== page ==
Updated 01/08/14 – 1:45 p.m.
(CBS) — Some school bus companies had problems getting their vehicles running Wednesday morning, after more than two weeks of sitting idle, often in subzero temperatures.
WBBM Newsradio’s Mike Krauser reports in Niles-Park Ridge District 64, the superintendent said the problem was made worse by the bus company’s failure to notify him sooner that the district would have no bus service Wednesday.
In a statement on the district’s website, Dr. Philip Bender called the situation “completely unacceptable.”
The district said students who ride the bus would not be considered tardy if they were late to school on Wednesday.
“Our schools are committed to working with each and every family concerning this situation,” Bender said. “The District apologizes to parents for this completely unacceptable issue with our bus company. We are doing everything possible to correct the issue and will keep you updated throughout the day.”
Bender said the district contacted the bus company – Illinois Central School Bus – on Tuesday, but wasn’t told until Wednesday morning that, due to the cold and a shortage of drivers, there would be a very limited number of buses.
Left with little time to determine which routes would have buses, all service was canceled, Bender said.
“Generally, we would know this ahead of time, but to learn this just a few hours before the start of school was just absolutely, totally unacceptable in my opinion,” he said.
A total of 1,800 students at District 64 schools in Niles and Park Ridge ride the bus to school.
The bus company’s chief operating officer, Kevin Mest, apologized for the situation, which he said was out of its control.
He said the buses were working Monday and Tuesday, but early Wednesday, staff discovered multiple malfunctions – including frozen parking brakes, gelling fuel, and other issues. The company also faced a shortage of drivers.
Mest said it was a disappointment to the company, and he apologized to those who were inconvenienced.
He said District 64 was the only district affected, out of 100 served by the company. He said they’ll be fully prepared with buses and drivers on Thursday.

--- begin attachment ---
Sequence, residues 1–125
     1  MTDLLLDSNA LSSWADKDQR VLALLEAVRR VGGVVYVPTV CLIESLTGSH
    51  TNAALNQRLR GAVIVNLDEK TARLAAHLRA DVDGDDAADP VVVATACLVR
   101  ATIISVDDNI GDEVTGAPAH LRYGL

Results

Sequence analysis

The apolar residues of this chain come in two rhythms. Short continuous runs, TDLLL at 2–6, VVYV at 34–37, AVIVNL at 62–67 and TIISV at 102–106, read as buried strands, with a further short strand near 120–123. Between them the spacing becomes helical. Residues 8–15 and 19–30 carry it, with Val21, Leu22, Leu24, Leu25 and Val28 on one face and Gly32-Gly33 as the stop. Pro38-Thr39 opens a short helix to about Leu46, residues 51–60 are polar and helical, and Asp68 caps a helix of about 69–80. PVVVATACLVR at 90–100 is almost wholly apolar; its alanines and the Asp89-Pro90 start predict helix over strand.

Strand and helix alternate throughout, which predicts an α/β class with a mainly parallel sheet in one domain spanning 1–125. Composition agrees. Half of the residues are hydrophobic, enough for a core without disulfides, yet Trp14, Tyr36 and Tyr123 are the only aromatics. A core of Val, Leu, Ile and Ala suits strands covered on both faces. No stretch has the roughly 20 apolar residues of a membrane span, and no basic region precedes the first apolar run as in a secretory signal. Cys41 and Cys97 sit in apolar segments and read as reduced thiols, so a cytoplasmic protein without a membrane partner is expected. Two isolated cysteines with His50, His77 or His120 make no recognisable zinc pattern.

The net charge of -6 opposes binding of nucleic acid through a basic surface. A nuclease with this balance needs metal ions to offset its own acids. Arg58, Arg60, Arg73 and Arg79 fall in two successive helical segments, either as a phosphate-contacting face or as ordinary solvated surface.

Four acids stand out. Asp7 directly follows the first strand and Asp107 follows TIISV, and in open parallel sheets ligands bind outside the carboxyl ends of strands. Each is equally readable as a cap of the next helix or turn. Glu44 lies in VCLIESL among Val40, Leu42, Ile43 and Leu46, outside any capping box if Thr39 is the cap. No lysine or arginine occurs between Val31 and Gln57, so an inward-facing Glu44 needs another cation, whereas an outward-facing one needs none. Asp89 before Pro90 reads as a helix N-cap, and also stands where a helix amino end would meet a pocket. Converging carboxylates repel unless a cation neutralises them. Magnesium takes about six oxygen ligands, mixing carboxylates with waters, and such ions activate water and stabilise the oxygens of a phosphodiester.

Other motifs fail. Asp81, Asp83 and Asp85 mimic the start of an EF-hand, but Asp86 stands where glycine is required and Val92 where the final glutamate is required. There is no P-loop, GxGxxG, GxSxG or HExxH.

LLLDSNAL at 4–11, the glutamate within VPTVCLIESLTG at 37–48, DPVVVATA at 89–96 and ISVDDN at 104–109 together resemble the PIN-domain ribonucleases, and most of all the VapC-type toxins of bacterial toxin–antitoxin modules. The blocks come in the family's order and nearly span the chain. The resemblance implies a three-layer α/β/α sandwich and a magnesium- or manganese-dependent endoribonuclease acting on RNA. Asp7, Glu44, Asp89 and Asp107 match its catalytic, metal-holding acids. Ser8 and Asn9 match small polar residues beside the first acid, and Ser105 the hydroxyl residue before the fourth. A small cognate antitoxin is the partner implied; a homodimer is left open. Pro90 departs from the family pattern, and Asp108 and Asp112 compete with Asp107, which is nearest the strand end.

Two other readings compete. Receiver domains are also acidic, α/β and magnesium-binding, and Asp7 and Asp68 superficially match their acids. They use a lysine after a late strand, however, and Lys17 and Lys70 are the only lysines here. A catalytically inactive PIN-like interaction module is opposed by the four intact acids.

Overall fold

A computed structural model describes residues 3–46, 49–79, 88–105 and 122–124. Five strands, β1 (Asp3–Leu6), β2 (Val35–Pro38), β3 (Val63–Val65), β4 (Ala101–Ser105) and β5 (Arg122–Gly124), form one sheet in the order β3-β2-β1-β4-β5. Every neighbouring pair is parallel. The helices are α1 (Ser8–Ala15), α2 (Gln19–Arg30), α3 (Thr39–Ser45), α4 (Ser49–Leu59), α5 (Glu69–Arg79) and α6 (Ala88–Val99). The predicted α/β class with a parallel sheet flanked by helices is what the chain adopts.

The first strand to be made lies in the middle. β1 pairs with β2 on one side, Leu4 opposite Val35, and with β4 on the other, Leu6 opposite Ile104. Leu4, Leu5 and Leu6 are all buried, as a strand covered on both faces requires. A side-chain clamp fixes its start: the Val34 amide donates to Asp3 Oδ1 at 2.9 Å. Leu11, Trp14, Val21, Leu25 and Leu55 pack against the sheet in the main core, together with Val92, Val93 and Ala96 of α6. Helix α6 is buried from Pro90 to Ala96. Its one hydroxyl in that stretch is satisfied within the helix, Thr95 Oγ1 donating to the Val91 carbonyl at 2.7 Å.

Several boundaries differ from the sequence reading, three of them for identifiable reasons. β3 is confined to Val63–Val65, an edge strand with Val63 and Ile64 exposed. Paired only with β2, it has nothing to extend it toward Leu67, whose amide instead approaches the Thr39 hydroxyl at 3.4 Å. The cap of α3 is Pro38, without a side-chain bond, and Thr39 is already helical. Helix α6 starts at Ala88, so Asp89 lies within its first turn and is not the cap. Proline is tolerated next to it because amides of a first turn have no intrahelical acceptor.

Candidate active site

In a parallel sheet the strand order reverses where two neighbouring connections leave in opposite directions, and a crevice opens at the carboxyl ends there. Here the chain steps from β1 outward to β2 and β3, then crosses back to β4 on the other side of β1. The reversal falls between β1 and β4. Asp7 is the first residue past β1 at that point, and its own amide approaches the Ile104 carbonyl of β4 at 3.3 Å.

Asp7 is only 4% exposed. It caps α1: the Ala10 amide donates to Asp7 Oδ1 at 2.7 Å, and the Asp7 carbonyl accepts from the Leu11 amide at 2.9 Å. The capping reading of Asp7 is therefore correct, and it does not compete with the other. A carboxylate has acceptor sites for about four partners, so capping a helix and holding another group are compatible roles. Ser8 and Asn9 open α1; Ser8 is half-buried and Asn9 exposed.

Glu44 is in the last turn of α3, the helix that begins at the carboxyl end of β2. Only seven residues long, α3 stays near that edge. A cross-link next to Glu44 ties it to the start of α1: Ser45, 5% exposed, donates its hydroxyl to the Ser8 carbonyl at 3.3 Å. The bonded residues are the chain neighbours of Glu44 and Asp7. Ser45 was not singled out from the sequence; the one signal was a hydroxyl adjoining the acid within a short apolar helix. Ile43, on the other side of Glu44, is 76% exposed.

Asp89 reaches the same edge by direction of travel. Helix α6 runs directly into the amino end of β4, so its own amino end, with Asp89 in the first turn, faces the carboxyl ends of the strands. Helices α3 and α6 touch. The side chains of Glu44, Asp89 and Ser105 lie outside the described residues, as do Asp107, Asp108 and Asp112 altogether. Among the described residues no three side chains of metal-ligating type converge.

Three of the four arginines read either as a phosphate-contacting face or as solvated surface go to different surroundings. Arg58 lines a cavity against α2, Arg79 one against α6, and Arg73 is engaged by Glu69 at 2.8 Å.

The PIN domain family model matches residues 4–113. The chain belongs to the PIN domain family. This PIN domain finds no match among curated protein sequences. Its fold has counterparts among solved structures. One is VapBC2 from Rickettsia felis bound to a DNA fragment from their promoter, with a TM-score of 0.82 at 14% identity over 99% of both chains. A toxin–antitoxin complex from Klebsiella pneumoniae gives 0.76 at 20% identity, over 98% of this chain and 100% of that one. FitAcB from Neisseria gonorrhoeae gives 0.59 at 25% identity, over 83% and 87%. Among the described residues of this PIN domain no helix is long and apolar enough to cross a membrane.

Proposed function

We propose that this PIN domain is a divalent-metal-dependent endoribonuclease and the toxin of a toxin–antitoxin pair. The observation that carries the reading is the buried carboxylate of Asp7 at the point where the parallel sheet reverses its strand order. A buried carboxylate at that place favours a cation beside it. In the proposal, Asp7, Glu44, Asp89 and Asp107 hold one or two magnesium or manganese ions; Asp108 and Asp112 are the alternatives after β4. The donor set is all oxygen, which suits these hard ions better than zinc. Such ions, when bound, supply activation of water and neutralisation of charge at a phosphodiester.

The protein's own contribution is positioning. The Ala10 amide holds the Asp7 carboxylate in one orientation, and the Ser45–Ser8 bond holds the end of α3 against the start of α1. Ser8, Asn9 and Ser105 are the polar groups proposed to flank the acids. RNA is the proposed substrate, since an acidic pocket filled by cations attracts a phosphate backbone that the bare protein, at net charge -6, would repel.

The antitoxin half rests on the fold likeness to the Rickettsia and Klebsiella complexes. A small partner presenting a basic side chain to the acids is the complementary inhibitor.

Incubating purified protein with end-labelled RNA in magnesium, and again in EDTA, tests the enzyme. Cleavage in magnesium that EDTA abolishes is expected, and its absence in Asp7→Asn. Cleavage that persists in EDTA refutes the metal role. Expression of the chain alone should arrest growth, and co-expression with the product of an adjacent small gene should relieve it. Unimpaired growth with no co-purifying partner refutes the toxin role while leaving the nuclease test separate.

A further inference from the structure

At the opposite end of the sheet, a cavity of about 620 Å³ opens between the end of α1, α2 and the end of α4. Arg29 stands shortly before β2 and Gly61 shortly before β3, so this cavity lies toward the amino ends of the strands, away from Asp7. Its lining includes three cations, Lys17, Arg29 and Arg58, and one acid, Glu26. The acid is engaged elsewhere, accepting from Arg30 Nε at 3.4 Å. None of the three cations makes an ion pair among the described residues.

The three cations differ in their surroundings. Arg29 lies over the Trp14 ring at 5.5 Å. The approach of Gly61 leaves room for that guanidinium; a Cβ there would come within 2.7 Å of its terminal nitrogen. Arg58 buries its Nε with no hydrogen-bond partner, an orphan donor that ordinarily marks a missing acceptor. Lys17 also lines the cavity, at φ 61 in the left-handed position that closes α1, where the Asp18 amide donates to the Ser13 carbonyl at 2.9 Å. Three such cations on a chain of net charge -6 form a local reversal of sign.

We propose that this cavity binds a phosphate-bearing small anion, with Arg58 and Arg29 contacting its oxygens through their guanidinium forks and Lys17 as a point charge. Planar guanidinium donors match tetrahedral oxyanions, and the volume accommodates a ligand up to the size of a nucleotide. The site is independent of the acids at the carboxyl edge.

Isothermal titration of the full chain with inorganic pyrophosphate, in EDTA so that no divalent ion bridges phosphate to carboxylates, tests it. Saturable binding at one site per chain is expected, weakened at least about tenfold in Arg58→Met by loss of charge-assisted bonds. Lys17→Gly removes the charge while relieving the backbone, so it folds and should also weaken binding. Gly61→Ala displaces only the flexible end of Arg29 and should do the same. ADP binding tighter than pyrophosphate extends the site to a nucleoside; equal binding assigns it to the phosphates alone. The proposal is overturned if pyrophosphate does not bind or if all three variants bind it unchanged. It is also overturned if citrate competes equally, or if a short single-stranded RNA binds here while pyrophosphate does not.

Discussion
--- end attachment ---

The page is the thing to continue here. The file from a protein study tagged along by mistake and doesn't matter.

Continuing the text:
In addition to the problems in District 64, CBS 2’s Mike Puccinelli reports high school students in Lincoln-Way Community High School District 210 did not have school buses on Wednesday, because many of them would not start in the cold.
Thirty of the district’s 127 buses would not start. Officials said newer diesel buses were most affected by the cold; older diesel buses were able to start without much of a problem.
In light of the problems, the district used the buses for local elementary school kids instead. High school students from six schools had to find their own way to class.
Britney Kopec, a student at Lincoln-Way East High School in New Lenox, said it was “kind of crazy” that the school stayed open without school bus service.
“A lot of kids come that way, and it’s just kind of crazy,” she said.
Jeanne Craft, a Lincoln-Way parent, said it was “unbelievable” that there were no school buses on Wednesday.
She said it’s a “very big problem. There’s a lot of working both parents, and getting these kids to school is a big problem.”
Craft said she was worried about students left to walk to school in single digit temperatures, with a lot of snow still on the ground, and not many sidewalks, meaning many kids had to walk in the street to get to school.
Any student unable to make it to school in Lincoln-Way would be given an excused absence.